drank Autumn Quince by PostTea
2238 tasting notes


Day 19 of the PostTea advent. Quince seems to be a fairly rare flavour in tea, so I was really pleased to see this one! It’s another green blend also, which PostTea seem to do well. The dry leaf smells delicious, and fortunately this carries through to the tea. So far, so good.

I can’t say I’ve ever tried an actual quince, at least not knowingly. I have had quince scented shower products, though – most memorably from Future Primitive Soap. Wild Grass and Quince Jam is one of the scents I permanently associate with summer holidays in Scotland now – it’s super evocative, for me.

This tea has a similar vibe. It reminds me of a citrus fruit, only sweeter, and was a jam-like aspect. Maybe apricot? That’s not quite right, but it’s hard to describe quince in terms of other flavours. I think it’s a member of the pear family, so pear crossed with green grape? Gooseberry? Something like that. There’s a mild background floral that suggests pear to me, although here I think it’s created by the addition of rose petals, rather than coming directly from the dried quince pieces.

I like this one. It is kind of autumnal, and PostTea’s green base works well here. I’d happily drink a lot more of this!

170 °F / 76 °C 2 min, 45 sec 1 tsp

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Hi :) I’m Sarah, and I live in Norfolk in the UK. My tea obsession began when a friend introduced me to Teapigs a good few years ago now. Since then, I’ve been insatiable. Steepster introduced me to a world of tea I never knew existed, and my goal is now to TRY ALL THE TEAS. Or most of them, anyway.

I still have a deep rooted (and probably life-long) preference for black tea. My all-time favourite is Assam, but Ceylon and Darjeeling also occupy a place in my heart. Flavoured black tea can be a beautiful thing, and I like a good chai latte in the winter.

I also drink a lot of rooibos/honeybush tea, particularly on an evening. Sometimes they’re the best dessert replacements, too. White teas are a staple in summer — their lightness and delicate nature is something I can always appreciate on a hot day.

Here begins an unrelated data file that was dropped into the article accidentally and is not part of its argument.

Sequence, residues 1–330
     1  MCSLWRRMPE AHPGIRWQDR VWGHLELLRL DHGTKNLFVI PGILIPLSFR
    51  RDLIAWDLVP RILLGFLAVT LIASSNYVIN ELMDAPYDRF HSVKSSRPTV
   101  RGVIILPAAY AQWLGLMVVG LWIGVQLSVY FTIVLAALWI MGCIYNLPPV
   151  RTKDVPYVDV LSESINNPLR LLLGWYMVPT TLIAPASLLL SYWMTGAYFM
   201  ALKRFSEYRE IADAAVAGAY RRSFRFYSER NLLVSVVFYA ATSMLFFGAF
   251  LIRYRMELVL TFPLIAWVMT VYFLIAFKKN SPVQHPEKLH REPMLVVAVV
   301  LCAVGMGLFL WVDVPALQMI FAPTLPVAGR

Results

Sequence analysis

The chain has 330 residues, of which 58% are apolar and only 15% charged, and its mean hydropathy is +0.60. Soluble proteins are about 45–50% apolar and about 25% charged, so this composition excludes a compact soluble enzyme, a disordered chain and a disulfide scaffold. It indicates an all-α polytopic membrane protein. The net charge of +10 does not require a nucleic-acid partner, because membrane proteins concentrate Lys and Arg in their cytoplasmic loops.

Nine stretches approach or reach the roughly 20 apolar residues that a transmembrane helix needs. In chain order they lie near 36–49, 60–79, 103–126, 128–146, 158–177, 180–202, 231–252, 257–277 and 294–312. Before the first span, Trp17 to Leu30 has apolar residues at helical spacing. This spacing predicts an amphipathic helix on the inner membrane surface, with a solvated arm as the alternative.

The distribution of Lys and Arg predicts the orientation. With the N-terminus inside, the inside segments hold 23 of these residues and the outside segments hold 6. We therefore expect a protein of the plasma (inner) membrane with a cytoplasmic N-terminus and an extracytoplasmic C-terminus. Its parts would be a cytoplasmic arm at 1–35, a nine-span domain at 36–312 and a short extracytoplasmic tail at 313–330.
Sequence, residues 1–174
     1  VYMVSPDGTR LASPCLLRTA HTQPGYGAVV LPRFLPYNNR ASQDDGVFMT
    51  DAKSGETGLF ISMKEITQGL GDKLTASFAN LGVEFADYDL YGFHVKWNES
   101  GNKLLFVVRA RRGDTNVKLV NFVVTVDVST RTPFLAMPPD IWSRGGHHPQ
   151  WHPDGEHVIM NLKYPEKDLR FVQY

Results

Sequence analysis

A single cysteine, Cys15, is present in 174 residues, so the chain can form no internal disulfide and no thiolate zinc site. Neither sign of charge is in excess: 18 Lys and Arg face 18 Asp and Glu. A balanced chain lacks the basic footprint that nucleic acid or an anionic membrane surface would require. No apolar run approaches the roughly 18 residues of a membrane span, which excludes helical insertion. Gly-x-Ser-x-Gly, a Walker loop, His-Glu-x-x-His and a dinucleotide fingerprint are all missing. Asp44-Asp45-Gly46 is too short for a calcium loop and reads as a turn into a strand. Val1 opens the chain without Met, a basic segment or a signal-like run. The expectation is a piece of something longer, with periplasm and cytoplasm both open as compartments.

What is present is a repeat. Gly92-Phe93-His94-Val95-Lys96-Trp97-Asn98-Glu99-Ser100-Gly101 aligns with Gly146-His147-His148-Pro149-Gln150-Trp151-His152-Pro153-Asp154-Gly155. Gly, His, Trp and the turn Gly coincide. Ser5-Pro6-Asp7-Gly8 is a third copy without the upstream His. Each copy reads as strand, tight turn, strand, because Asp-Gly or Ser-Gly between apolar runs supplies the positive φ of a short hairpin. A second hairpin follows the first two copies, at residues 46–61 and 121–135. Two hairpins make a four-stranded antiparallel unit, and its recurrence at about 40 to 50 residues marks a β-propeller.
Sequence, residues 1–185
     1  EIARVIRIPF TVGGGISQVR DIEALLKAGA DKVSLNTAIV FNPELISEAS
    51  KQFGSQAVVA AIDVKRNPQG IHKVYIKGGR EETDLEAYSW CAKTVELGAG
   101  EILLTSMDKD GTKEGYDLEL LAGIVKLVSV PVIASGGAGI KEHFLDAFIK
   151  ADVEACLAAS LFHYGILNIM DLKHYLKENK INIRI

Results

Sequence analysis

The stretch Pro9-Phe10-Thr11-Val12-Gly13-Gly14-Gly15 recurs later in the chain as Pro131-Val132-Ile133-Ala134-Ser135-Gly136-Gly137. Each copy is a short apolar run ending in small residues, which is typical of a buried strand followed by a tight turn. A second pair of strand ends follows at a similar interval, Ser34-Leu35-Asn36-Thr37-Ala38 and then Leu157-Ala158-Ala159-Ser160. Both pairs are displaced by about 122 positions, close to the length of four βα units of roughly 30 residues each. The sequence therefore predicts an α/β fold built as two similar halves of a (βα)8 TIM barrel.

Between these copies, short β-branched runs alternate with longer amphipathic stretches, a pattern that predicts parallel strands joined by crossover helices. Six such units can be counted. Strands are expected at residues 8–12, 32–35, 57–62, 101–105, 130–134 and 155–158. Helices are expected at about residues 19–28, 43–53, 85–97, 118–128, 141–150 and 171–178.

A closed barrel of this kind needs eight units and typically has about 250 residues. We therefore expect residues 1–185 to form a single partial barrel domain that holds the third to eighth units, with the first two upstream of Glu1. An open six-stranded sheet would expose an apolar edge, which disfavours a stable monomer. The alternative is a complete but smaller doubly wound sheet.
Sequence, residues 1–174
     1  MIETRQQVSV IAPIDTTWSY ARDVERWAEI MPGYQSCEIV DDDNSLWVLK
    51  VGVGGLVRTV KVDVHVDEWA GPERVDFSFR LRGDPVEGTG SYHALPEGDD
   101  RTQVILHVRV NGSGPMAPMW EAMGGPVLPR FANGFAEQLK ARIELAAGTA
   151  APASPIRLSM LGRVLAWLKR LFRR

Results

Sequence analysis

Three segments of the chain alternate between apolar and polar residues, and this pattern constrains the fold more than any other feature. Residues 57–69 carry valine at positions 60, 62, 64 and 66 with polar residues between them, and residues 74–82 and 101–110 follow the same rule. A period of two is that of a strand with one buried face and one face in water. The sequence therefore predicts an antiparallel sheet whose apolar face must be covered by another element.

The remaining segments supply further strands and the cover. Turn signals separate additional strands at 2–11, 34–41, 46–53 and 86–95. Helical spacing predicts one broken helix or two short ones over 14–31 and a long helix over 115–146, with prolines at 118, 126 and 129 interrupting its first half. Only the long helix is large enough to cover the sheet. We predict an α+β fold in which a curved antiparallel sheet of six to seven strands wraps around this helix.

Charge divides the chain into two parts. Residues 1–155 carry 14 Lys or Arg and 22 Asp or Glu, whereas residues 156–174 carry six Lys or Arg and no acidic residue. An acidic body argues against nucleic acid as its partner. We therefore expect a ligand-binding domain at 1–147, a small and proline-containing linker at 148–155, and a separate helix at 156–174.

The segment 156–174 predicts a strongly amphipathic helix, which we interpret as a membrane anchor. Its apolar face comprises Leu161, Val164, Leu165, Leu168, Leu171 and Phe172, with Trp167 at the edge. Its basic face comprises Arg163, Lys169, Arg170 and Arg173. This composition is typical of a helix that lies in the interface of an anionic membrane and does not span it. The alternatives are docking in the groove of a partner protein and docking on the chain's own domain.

I’m still warming up to green teas and oolongs. I don’t think they’ll ever be my favourites, with a few rare exceptions, but I don’t hate them anymore. My experience of these teas is still very much a work-in-progress. I’m also beginning to explore pu’erh, both ripened and raw. That’s my latest challenge!

I’m still searching for the perfect fruit tea. One without hibiscus. That actually tastes of fruit.

You’ve probably had enough of me now, so I’m going to shut up. Needless to say, though, I really love tea. Long may the journey continue!

My rating system:

91-100: The Holy Grail. Flawless teas I will never forget.

81-90: Outstanding. Pretty much perfection, and happiness in a cup.

71-80: Amazing. A tea to savour, and one I’ll keep coming back to.

61-70: Very good. The majority of things are as they should be. A pleasing cup.

51-60: Good. Not outstanding, but has merit.

41-50: Average. It’s not horrible, but I’ve definitely had better. There’s probably still something about it I’m not keen on.

31-40: Almost enjoyable, but something about it is not for me.

11-30: Pretty bad. It probably makes me screw my face up when I take a sip, but it’s not completely undrinkable.

0-10: Ugh. No. Never again. To me, undrinkable.


Norfolk, UK

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